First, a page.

THE BIG IDEA:
NEW ALBANY, Ohio — Rep. Paul Ryan desperately does not want the dark cloud hanging over the White House to distract congressional Republicans from advancing their ambitious policy agenda. Yesterday showed that he may no longer have a choice.
Donald Trump called the speaker of the House to give him a heads up that he was going to fire FBI director James B. Comey, yet Ryan (R-Wis.) still waited more than 24 hours after the news broke to make any public statement.
Repeating the pattern of last year’s campaign, the president sucked up all the oxygen and put Ryan on the defensive. The 2012 GOP nominee for vice president rolled up in a long motorcade to a plant here in central Ohio as part of an effort to jump-start his push for comprehensive tax reform.
But Ryan could not escape the Comey news, and some Republicans back in Washington freely acknowledged that the growing scandal will make passing big-ticket legislation, including tax reform, much harder.
The congressman from Wisconsin sniffed a canister of walleye bait that gets packaged at the facility. “I spray my lures,” he explained to his tour guide. As cameramen pleaded with him to say anything on the Comey news, he replied: “I’m not doing questions right now.”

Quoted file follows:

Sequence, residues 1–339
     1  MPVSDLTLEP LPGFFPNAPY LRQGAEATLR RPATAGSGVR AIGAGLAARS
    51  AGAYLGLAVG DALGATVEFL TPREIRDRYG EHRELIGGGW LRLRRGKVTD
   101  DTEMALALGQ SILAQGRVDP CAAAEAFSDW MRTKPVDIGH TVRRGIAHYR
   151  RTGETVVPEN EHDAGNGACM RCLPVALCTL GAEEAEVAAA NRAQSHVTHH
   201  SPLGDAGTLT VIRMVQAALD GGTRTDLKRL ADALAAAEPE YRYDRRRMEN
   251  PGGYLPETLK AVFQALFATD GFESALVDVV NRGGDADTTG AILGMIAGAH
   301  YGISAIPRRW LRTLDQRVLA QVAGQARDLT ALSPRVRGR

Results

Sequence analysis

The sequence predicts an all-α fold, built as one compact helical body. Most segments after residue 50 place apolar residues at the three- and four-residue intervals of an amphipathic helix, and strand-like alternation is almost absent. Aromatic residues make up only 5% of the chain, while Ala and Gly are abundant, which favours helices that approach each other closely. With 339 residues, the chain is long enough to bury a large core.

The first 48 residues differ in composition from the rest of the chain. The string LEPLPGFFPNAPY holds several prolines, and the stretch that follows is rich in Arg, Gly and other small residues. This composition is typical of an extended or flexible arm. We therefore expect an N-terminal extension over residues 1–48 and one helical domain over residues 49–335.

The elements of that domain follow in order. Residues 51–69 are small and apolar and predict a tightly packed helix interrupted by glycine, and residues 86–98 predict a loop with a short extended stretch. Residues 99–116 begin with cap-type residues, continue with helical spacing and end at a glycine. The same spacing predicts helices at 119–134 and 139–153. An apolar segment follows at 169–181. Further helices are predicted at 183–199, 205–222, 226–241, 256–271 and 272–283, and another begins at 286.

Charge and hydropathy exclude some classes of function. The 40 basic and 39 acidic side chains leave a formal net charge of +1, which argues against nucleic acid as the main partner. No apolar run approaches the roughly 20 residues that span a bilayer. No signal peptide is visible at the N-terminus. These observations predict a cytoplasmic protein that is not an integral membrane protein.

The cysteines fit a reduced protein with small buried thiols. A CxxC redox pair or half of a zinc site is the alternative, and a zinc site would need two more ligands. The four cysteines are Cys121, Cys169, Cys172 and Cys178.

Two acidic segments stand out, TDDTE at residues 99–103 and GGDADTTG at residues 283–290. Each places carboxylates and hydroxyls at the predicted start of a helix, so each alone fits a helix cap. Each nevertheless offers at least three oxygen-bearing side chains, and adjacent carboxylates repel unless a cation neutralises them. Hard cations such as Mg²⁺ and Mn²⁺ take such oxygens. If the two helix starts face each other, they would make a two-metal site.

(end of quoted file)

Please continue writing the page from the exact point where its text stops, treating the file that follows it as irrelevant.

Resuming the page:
At a roundtable with small-business owners later, he said: “I want to tell my friends in the press I’ll be making some statements later about the questions that they all have. At another time. But, right now, we want to talk with the people here about the issues that they are facing.”
The president firing an FBI director who was overseeing an investigation into his campaign’s possible collusion with the Russians is apparently not one of those issues.
Finally, after dodging the reporters who flew here to see him, he went on Fox News last night and offered support for Trump’s decision. “It is entirely within the president’s role and authority to relieve him, and that’s what he did,” Ryan said. “The president made a presidential decision.”